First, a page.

Your Life Speaks
YOUR LIFE SPEAKS. Nathan Harmon was guest speaker at Parke Heritage High School. His captivating style of motivational speaking has enabled him to reach thousands of students across the United States. (Sentinel photo by Christina Gray)
By Christina Gray
Students were captivated Thursday, October 11; by the energetic, fast-talking motivational speaker Nathan Harmon during his Your Life Speaks monologue at Parke Heritage High School.
Harmon has been speaking to high schools across the state of Indiana, and, recently, across the country, for the past few years. This school year, already, he has given his motivational speech to more than 70 schools.
“Hi, I’m Nate,” Harmon began. “Tell me, how many of you come from a broken home?” Hands all across the bleachers were raised. Harmon told the students that he was from a broken home…that his parents’ divorced when he was a teenager, and he put on a “mask” and did not deal with the pain he was feeling. The pressure, he said, built; he harbored anger towards his parents and himself, and this pressure played a large part in his beginning to abuse drugs and alcohol.
He impressed upon the PHHS students that their circumstances were not in control of their futures, all of their anger and feelings were valid, and that humans have an innate need to talk about what they feel. He urged the students not be embarrassed to discuss their hurt and their pain.
“It’s okay…to not be okay,” said Harmon. He took the kids on a verbal journey through his teens and early twenties, detailing his struggles with self-harm and attempted suicide. He told them how he was kicked out of school, kicked out of the military, and how, at 23 years old, he was involved in an accident while he was drinking and driving, which resulted in the death of a friend.
“At Parke Heritage, how many of you have heard a classmate, or a friend, make mention of harming themselves, or ending their lives?” Harmon asked.
Again, a sea of hands was in the air.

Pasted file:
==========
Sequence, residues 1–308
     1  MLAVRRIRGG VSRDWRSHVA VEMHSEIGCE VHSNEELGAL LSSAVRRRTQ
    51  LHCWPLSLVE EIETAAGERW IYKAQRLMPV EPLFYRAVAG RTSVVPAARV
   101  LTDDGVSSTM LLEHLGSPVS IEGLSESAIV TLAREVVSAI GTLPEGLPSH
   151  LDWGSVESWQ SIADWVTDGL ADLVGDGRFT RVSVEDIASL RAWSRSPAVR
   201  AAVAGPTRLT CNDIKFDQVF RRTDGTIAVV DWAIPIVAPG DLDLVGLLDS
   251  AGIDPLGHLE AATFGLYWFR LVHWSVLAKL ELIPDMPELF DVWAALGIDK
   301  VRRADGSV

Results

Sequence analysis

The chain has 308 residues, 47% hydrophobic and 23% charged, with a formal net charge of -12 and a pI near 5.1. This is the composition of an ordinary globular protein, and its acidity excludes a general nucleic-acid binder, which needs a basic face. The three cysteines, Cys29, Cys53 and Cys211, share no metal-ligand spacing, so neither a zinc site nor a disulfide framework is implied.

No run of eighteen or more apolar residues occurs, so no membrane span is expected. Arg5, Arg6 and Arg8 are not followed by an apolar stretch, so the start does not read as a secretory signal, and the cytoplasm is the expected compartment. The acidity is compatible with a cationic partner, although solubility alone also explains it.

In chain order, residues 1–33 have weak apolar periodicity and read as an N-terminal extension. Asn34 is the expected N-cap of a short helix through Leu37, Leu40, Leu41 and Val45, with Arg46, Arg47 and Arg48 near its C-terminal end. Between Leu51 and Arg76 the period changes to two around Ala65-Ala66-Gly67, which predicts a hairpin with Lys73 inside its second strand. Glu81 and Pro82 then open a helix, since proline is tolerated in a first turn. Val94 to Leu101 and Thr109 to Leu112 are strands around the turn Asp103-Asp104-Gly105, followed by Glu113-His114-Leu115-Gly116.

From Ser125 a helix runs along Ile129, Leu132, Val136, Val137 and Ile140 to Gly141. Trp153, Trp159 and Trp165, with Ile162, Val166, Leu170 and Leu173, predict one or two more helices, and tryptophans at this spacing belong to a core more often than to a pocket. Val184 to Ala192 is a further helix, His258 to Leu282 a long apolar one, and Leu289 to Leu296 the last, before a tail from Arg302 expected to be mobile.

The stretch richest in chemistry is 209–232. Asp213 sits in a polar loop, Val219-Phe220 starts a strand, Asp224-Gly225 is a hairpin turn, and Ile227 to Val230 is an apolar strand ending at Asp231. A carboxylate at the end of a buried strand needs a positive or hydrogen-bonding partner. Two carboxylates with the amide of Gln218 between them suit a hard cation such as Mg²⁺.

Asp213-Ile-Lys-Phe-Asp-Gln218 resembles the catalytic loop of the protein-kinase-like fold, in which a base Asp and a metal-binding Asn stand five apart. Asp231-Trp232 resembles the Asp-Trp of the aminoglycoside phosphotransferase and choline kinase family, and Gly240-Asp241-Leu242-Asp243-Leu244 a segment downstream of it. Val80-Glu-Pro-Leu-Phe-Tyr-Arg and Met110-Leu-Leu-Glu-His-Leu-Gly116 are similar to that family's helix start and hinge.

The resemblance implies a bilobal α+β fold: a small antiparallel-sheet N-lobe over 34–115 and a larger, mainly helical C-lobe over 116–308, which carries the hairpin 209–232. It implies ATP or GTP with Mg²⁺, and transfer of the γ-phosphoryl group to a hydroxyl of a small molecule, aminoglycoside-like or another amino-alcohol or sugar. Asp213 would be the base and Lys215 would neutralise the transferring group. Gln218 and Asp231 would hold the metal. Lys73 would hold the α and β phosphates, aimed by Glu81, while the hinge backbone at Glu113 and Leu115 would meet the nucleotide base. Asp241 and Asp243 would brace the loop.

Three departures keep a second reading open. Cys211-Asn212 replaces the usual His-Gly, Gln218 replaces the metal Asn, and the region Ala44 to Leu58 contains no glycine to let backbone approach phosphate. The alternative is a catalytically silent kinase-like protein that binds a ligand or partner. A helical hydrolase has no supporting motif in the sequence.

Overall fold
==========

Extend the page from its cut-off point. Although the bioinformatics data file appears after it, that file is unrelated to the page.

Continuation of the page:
“When you’re hurting it is really easy to hurt people,” he told them, “but you never know what other people are going through. You never know if you’re going to be a person’s last straw.”
Harmon continued to stress the importance not using your pain to cause others pain. He instructed the students to go home and ask themselves, “Why am I doing this? Why am I treating people the way that I’m treating people?”
“I want each of you to be successful, and all of you who are abusive to others, you are never going to reach your full potential if you’re constantly stepping on people to keep your mask on.”
Harmon continued to stress the importance of talking about your struggles, not letting your pain build up, and not letting your pain cause you to put others down so that you don’t seem weak. Seek out friends who you know are hurting, and talk to them about their struggles. Be someone who helps others reach their potential.
Other themes throughout the talk included going for your goals even if you are afraid, surrounding yourself with the friends that will help you become a better person, and working hard to achieve your dreams.
“Hard work will outwork talented people who don’t want to work hard.” Harmon repeated this line several times. A quiet murmur of agreement spread through students and teachers in the crowd.
“None of you,” Harmon continued, “absolutely none of you, has made too many mistakes.”
The entire duration of the talk, all eyes and ears were trained, intently, upon Harmon. His energy and powerful language kept everyone in the room captivated for more than an hour and half.
At the end of the program the students were asked to take out their cell phones. They were first instructed to take a photo of Nathan and his social media information. Then, they were asked to take a photo of themselves.
“Take a picture of you because, for the first time in a long time maybe, you’re not wearing your emotional mask. You’re not hiding.”